Crocker Range Park (part 1 of 4)
Crocker Range Park (Taman Banjaran Crocker) is the largest terrestrial park of Sabah. The Park spreads over 139,919 hectares of densely forested terrain, mainly lowland, hill and montane forests, and covering an area of 1,399 sq. Kilometers, which is twice the size of Singapore! As Crocker Range Park has many species of flora and fauna endemic to Borneo, I had a 4-day-3-night tour there last month.
Crocker Range Park is approximately 75 KM in length and 15 KM wide, run along northeast-southwest axis in west coast of Sabah. The altitude of the Park is 100 to 2,076 Meters at the peak of Minduksirung, with temperature ranges from 18°C to 26°C (64°F to 79°F).
As shown in the map above, Crocker Range Park spans across 8 districts. The Park is so big that it has 10 substations, such as the Rafflesia Information Center and Mahua Waterfall in Tambunan. Sabah Parks manages this Park since 1984 to protect its ecosystem of forest and watersheds of rivers.
Being a significant biodiversity site, the Park is also an important water catchment area as the sources of 12 major rivers. These rivers supply clean drinking water to the people in west coast and interior of Sabah. If I pee in these rivers, half of Sabah people will have a taste of my urine. Just kidding..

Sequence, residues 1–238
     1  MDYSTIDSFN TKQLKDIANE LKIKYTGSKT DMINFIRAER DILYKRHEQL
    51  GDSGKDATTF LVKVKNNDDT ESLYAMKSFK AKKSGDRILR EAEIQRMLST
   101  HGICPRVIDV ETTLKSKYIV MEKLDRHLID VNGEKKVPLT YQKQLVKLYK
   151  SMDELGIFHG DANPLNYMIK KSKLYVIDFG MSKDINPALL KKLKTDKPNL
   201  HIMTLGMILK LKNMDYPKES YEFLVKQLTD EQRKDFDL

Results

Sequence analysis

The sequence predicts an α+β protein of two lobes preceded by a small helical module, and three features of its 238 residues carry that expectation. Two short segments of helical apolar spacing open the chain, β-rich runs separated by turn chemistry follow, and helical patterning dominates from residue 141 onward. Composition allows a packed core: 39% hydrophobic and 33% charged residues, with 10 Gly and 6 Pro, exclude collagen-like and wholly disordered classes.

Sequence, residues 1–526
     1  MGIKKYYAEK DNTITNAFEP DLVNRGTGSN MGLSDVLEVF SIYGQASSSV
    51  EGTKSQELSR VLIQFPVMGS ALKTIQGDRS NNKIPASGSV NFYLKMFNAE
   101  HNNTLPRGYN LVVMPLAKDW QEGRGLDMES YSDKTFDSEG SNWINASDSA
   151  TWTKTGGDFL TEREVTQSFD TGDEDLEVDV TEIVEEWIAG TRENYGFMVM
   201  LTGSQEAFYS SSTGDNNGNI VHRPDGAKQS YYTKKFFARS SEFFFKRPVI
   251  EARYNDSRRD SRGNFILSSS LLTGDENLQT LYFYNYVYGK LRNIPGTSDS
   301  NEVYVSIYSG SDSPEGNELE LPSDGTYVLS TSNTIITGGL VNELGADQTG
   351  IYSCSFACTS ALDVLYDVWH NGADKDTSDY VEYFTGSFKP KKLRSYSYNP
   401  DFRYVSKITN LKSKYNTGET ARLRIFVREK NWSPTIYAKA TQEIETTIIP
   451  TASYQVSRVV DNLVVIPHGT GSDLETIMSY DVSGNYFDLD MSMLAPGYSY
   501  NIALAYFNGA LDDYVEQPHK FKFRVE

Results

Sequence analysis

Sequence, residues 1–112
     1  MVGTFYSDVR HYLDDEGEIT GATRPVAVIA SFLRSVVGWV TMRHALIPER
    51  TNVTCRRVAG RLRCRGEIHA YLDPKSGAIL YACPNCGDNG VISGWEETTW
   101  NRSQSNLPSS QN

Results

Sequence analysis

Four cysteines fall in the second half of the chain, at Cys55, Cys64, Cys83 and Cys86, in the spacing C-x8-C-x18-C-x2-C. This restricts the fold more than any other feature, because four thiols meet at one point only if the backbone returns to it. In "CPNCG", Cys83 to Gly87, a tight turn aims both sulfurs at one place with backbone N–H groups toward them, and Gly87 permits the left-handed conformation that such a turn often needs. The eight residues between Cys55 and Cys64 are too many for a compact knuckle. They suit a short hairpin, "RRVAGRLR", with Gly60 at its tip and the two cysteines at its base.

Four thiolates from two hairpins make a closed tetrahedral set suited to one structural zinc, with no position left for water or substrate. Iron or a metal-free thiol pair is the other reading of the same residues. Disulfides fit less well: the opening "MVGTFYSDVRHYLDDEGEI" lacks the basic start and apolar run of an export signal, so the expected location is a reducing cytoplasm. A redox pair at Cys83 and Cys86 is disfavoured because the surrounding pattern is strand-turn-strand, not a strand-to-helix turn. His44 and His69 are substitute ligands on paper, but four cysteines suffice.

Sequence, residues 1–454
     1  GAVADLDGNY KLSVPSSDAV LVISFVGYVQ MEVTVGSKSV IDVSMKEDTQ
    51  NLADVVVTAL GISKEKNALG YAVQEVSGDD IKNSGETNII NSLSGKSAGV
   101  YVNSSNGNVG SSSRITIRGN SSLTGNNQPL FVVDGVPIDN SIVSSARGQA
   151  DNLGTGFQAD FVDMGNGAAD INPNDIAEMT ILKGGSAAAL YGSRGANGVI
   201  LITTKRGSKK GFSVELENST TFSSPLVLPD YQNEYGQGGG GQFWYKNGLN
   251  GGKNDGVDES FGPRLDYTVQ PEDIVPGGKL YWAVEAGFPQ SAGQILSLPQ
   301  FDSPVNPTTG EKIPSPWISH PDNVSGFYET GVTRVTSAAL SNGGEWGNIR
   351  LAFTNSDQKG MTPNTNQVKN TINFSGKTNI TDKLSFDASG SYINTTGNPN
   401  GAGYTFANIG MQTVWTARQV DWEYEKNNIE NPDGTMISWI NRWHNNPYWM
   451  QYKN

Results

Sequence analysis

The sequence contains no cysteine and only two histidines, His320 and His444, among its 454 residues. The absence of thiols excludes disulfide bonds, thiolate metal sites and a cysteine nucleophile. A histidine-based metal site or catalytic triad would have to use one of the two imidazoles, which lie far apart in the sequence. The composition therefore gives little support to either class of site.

The headquarter (HQ) of Crocker Range Park in Keningau district is 105 KM from Kota Kinabalu city and very accessible. Just drive on the new Kimanis-Keningau road to Keningau town, in less than 2 hours (about 14 KM before Keningau), you will see the Park office is just next to the road side. I reached there at 9:30am by a bus and it only costs me RM15 (about USD$4.50) one way.
You may watch the 30-sec video of Crocker Range Park entrance below:
Click Here to see bigger video
Compared to other substations, Crocker Range Park HQ (main station) has better facilities and is more “tourist-ready”. In contrast to our noisy and overcrowded Kinabalu Park, this Park is very quiet, when my visit was on Sunday of Muslim fasting month, and I was the only tourist (I like it though). Just remember the Administration office building in photo above, because EVERYTHING (i.e. booking, registration, check-in/out, operation, activities) is done there.
The Sabah Parks staff, Ms Ridianna, was expecting my arrival coz I had booked the room by phone earlier. I registered in the reception office and got my room key from a boy (just joking, he is the son of Ridianna). For 16-bunk-bed dormitory room in Kayu Manis Cabin (Asrama Kayu Manis), it costs only RM20 (about USD$6) per night, quite affordable if compared to the minimum RM100 (USD$30) per bed per night room rate of Kinabalu Park, under the blood-sucking management company named Sutera Sanctuary Lodges.